While it would have been pretty easy for Netflix to wrap up “Narcos” with the death of Pablo Escobar at the climax of season 2, there is a lot more story to be told about the Colombian drug trade following his death, namely in the form of the Cali Cartel. Along with new antagonists, the makers of the show have used this opportunity to clear out some of the cast from the first two seasons to make room for some new characters on the DEA side. The main connective tissue to bridge the gap between the old investigation and the new one is the character of Javier Pena (Pedro Pascal) who, ironically, didn’t actually take part in the Cali Cartel investigation but still acts as a consultant on the show.
The Cali Cartel, while led by one man in the form ofGilberto Rodríguez Orejuela, feels more like a four man committee. This committee is put to the test pretty much immediately as the announcement by the head of the cartel that they would be out of the cocaine trade in six months following a sweet deal from the Colombian government which would see each member doing negligible jail time, and minimum forfeiture of their considerable assets. It’s worth noting that at the height of their influence, the Cali Cartel was believed to be in control of 90% of the cocaine distribution in the world. So when the announcement that all this would be ending was made, it understandably caused some division in the group.
It’s this division, accentuated by the investigation by the DEA, is what forms the basis of this series and highlights the pressure put on the heads of the cartel. I found that we spent more time with the Cali side of the story than the DEA which I had no issue with as the Cali side was the more compelling. At ten episodes of almost an hour each, some Netflix shows hit a bit of a lull in the middle of the season, but with this season of Narcos the show hits its stride around episode 4 and doesn’t look back. The show features some fantastic characters that are as compelling as they are vicious and, as with the previous two seasons, the show features an unflinching portrayal of cartel life which means some absolutely horrific scenes of violence that are not for the faint of heart.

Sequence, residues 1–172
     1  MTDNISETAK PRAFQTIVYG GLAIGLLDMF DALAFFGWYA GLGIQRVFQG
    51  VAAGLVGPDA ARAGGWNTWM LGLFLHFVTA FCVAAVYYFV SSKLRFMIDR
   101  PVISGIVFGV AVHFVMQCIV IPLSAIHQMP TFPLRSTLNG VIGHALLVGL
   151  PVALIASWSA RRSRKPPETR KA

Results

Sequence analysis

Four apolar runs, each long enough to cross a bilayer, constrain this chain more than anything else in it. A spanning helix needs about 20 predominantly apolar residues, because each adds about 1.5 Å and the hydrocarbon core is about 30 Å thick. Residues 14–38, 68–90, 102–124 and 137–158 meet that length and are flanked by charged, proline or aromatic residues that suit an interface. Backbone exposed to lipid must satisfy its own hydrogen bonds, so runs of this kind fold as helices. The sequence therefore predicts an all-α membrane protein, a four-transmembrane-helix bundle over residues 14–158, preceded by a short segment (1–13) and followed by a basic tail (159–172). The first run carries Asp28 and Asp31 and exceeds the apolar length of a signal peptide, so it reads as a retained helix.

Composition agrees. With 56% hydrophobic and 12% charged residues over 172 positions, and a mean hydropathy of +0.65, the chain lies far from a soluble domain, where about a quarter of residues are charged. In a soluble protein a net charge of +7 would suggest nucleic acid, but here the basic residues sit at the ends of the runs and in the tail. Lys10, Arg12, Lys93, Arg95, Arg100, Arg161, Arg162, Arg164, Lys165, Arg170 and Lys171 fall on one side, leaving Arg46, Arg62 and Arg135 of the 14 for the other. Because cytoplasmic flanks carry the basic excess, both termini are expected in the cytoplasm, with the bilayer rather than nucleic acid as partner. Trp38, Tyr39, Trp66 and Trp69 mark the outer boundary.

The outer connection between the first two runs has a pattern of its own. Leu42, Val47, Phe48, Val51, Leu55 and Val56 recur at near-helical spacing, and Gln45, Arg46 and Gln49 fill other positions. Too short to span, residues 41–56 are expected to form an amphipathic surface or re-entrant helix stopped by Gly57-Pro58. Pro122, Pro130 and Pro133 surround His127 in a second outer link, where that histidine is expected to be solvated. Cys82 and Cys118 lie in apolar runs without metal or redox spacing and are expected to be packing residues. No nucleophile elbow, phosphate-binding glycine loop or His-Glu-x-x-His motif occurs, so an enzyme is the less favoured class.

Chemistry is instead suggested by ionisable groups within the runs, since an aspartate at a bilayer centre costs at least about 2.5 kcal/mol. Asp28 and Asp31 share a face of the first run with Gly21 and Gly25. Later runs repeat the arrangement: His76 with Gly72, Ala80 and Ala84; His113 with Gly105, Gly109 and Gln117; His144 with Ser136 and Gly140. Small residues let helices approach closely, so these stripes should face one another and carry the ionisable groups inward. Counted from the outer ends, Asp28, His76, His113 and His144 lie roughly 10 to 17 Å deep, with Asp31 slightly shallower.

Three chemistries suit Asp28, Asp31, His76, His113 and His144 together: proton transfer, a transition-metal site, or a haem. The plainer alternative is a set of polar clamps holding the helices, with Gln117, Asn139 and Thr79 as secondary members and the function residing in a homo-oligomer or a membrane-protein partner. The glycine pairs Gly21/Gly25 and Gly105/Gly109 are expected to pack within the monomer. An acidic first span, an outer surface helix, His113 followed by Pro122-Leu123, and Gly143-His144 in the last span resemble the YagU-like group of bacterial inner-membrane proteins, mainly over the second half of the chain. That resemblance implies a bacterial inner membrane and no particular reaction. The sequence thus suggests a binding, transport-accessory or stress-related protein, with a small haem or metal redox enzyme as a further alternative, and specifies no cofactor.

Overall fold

If you’ve seen the first two seasons and are sceptical about watching this due to the lack of Pablo, fear not because this is a worthy follow up. If you’ve not even seen the first two, this season makes for a good jumping on point, as most of the events from the earlier seasons are recapped very early on and the viewer is brought up to speed on the world of Narcos in the form of narration and archive footage. This is actually how I watched the show, having not seen seasons 1 and 2, but will be very happy to revisit them since finishing this one. As the summer draws to a close and the nights draw in, this makes for a great box set to have even if you’ll go through it pretty quick because it’s simply that good. Highly recommended.
These are the talented words of our Kevin Dillon, #kevinwritestuff
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